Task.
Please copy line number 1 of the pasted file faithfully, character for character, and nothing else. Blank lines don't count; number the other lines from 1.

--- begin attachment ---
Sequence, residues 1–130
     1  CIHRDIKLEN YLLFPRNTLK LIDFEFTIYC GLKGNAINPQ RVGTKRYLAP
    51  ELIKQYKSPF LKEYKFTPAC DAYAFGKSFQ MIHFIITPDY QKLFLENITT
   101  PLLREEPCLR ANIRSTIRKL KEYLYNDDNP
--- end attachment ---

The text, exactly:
Sequence, residues 1–130